This is the story told in many books: Initially Erwin and his cat are in some initial state |I> and then they develop into a superposition |F> = |H> + |N> with H indicating a happy cat and N a not so happy one (*). Due to decoherence the overlap <H|N> is very small - but not exactly zero. The interpretation is that |H> and |N> are associated with two different worlds, there is no 'collapse' (real or subjective) of the wave function which would eliminate one of the two.

But there is one issue I have with this story, not often told in those books: If there is no 'collapse' then how did we get the initial state |I> ? We have to assume that before his experiment with the cat Erwin made a decision to use his cat and not a dog, so really we have something like |I> + |d>. But before that he made a decision to do the experiment or not at all and before then a committee made a decision if he gets funding and before then ...

So really the initial state was something like |I> + |x1> + |x2> + |x3> + ...

and therefore the following state looked something like |F> = |H> + |N> + |x1> + |x2> + |x3> + ... .

If there is never a 'collapse' then quantum theory is like a programming language without garbage collection and we have to assume that the number of branches of the wave function is infinite - at least from our branch we cannot determine how many other branches there are. (Also we do not know the amplitude of our branch relative to all the others; We could exist due to a freak event in the past for all we know.)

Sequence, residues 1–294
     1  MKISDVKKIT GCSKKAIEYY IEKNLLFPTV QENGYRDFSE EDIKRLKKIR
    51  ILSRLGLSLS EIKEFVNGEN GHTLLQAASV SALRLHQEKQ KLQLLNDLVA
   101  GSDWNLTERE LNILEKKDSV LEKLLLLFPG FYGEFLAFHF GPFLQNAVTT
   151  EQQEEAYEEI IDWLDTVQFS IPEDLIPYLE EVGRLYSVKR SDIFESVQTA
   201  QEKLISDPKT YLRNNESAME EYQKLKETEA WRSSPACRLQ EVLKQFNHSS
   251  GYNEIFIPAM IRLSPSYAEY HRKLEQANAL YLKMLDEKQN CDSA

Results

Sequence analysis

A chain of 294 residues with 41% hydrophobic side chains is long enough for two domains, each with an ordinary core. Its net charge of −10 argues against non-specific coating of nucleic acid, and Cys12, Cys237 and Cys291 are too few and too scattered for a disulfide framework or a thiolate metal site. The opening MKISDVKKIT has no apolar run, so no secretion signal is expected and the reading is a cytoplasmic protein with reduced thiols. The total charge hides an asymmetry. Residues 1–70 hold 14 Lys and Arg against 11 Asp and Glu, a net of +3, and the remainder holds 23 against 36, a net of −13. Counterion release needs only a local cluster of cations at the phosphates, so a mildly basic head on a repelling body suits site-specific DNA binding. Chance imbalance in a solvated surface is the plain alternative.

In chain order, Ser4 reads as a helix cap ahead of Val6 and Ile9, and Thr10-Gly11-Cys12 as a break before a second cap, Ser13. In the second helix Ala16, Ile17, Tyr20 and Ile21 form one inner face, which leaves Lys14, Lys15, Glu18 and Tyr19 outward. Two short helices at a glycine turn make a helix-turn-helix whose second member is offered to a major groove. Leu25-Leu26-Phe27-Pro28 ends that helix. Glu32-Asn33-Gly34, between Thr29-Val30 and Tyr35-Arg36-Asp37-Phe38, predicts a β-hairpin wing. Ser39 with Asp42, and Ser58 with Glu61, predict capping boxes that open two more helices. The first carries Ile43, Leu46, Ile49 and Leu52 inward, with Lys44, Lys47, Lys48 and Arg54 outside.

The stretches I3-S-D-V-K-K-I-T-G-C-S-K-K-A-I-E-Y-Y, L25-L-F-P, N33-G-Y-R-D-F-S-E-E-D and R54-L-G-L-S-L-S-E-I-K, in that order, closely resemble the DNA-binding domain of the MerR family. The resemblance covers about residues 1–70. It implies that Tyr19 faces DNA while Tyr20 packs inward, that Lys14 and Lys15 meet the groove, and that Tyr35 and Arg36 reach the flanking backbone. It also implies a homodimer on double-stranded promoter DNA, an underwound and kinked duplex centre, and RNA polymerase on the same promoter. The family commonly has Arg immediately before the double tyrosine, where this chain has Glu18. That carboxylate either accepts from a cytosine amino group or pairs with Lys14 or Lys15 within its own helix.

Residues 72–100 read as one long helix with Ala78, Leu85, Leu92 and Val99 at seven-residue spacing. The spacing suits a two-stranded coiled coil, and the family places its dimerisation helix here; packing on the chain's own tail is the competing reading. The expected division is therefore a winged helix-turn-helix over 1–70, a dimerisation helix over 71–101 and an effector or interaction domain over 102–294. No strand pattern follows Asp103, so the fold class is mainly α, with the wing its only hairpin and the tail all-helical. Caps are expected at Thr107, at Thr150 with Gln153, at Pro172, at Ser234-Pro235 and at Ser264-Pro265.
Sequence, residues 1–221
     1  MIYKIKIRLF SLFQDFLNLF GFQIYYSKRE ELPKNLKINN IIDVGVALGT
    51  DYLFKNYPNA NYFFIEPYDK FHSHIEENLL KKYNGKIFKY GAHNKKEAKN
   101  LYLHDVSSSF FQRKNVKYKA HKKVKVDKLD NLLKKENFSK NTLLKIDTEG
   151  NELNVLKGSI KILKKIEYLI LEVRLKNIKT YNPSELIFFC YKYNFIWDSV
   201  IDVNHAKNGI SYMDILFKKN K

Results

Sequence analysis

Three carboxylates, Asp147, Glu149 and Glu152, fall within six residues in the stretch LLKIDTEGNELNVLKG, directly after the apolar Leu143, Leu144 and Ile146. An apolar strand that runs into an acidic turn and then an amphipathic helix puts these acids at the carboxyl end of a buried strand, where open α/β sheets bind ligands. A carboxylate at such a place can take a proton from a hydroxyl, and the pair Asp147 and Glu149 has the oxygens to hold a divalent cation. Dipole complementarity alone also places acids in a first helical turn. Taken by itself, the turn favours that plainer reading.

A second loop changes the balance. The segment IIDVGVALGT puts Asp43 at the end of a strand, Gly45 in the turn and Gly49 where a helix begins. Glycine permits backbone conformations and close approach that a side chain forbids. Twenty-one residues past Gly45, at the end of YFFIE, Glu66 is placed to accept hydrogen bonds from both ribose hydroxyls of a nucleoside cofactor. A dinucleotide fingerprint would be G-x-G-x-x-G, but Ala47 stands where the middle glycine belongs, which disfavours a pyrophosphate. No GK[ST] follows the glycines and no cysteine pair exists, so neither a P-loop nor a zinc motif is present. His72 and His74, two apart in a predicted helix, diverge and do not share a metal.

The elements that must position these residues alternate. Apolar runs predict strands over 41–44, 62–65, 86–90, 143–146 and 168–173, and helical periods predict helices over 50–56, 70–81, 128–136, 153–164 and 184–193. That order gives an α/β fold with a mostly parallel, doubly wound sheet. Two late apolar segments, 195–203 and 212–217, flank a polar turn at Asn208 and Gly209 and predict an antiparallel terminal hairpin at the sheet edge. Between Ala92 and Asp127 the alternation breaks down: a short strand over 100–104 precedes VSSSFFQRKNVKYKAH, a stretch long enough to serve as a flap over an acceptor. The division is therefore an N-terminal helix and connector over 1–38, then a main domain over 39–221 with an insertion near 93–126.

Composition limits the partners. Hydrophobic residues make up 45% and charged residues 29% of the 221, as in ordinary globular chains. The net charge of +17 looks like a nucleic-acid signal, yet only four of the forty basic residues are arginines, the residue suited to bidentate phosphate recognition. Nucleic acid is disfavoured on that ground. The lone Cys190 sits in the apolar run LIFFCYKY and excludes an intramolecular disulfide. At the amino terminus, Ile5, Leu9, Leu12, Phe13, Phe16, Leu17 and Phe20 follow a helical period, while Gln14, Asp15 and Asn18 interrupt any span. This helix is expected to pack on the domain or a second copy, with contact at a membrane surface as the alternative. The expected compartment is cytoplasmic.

But this is a real problem, because the overlap between different branches is very small but not zero.

So if we calculate <H|F> we get <H|H> + <H|N> + <H|x1> + <H|x2> + <H|x3> + ... and although every <H|x> is very small due to decoherence, there is

*a priori*no reason for the infinite sum over all branches to converge (**); I have never seen a good argument why this (infinite) sum should remain small compared to the terms we are interested in.

Of course one can try to save the appearances by making the assumption that somehow the sum only has a finite (but certainly very large) number of terms, e.g. the universe is finite and time is discrete. However, it would mean that we try to save quantum theory by making assumptions about cosmology and I don't think this is very convincing.

(*) Notice that I omit normalization factors (like 1/sqrt(2)) in this text to keep the ascii math readable.

(**) Notice that the point of this post is that it is actually a problem to determine those normalization factors (like 1/sqrt(2)) so that the total sums to 1.

## 3 comments:

If the universe began in a well defined state then the wave function will remain normalizable independent of the evolution into different branches. Where is the problem?

>> If the universe began in a well defined state

Susskind and Vilenkin debate right now if the universe is eternal or had a beginning. In any case, the normalization of the wavefunction of the universe is not a trivial matter...

But if you assume that the wavefunction of the universe is normalizable, it is still obvious that only a tiny bit of this wavefunction is associated with our branch(es) and the vast majority is about other worlds. And we dont know much about this vast majority and we dont even know the amplitudes in it.

(The |I> state could come with a tiny weight for all we know!)

Therefore we cannot know how the sum over those other branches converges and how it compares to the few parts interesting to us imho.

If we consider Erwin's cat and do a real calculation we need to ignore all the other worlds - i.e. we need to collapse the wave function of the universe.

Perhaps I should point out that

<H|F> = <H|H> + <H|N> + <H|x1> + <H|x2> + ...

is not some abstract quantity.

It determines the probability that we find a happy cat in the state |F>.

In other words, if the x terms overwhelm the sum it means that m.w.i. does not get probabilities right (of course we kind of knew that already 8-)

Post a Comment